Prediction of flap necrosis with laser induced indocyanine green fluorescence in a rat model

R. E. Giunta, T. Holzbach, C. Taskov, P. S. Holm, T. Brill, R. Busch, B. Gansbacher, E. Biemer

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92 Scopus citations


Prediction of necrosis has a clinical relevance in all fields of plastic surgery. The new application of indocyanine green (ICG) fluoroscopy in plastic surgery allows an objective quantification of skin perfusion and a high topographical resolution. The aim of the present study is to determine threshold values for flap perfusion under well-defined experimental conditions. Twenty random pattern flaps with a length to width ratio of 4:1 (8×2 cm2) were dissected on the anterior abdominal wall of 20 male Sprague-Dawley rats. ICG fluoroscopy was performed at the end of the operation. The animals were sacrificed at the seventh postoperative day with a reliable necrosis of the distal part of the flaps. Postoperative ICG fluoroscopy then was analysed both in regions that will survive and undergo necrosis. At day 7 a mean area of 5.5 cm2 (57% of the total flap area) survived and a mean of 3.8 cm2 (43%) became necrotic. The surviving part of the flap had a mean perfusion index of 62% compared to reference skin. The distal parts of the flap that necrotised showed an average perfusion index of only 19% postoperatively. Differences were statistically highly significant (p<0.001). Indocyanine green fluoroscopy is a useful tool to evaluate perfusion topographically and predict necrosis. From a statistical point of view a perfusion index of less than 25% of the reference skin can be considered as a sign of developing flap necrosis.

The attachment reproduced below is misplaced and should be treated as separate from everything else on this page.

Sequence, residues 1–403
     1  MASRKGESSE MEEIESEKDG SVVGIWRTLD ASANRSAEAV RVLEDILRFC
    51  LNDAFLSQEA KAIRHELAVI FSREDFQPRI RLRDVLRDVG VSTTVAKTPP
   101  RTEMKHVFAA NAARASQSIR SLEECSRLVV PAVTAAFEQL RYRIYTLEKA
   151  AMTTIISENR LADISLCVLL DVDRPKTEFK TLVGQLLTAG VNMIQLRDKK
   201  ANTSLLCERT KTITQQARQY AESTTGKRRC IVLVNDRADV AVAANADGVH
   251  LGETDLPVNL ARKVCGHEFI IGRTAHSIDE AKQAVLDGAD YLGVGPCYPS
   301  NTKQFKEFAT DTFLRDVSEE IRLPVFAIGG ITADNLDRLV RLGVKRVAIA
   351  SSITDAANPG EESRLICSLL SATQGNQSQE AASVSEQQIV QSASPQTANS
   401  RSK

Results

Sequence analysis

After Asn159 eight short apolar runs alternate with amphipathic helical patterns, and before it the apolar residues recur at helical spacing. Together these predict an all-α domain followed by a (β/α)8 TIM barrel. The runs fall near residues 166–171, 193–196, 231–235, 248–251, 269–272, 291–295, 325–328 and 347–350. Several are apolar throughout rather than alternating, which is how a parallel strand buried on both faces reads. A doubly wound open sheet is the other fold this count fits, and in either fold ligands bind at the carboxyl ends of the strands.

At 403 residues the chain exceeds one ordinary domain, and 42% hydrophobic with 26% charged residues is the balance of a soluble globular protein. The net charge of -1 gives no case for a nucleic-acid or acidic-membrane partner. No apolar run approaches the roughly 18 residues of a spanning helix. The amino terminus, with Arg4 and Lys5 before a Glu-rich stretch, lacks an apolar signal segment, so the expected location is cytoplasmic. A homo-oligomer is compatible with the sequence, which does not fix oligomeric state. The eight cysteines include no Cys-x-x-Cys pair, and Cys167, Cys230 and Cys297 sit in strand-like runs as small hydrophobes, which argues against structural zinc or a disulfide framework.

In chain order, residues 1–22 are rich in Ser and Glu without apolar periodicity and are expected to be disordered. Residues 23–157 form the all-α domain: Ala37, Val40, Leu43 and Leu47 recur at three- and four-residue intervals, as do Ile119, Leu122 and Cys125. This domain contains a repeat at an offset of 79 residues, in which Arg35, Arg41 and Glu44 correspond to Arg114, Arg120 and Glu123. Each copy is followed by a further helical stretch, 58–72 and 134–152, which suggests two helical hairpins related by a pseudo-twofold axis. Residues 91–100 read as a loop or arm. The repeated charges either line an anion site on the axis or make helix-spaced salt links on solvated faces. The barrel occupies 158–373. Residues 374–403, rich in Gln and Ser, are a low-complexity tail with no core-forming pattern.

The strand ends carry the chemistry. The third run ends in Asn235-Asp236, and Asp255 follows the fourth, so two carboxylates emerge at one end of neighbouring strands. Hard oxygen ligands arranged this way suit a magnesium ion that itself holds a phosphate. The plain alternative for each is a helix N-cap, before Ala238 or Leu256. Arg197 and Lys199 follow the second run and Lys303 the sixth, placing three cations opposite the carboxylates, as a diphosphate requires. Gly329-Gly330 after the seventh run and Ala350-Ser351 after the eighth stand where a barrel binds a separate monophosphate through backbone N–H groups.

Original languageEnglish
Pages (from-to)695-701
Number of pages7
JournalBritish Journal of Plastic Surgery
Issue number5
StatePublished - Jul 2005


  • Flap monitoring
  • Flap necrosis
  • Indocyanine green fluoroscopy
  • Random pattern flap


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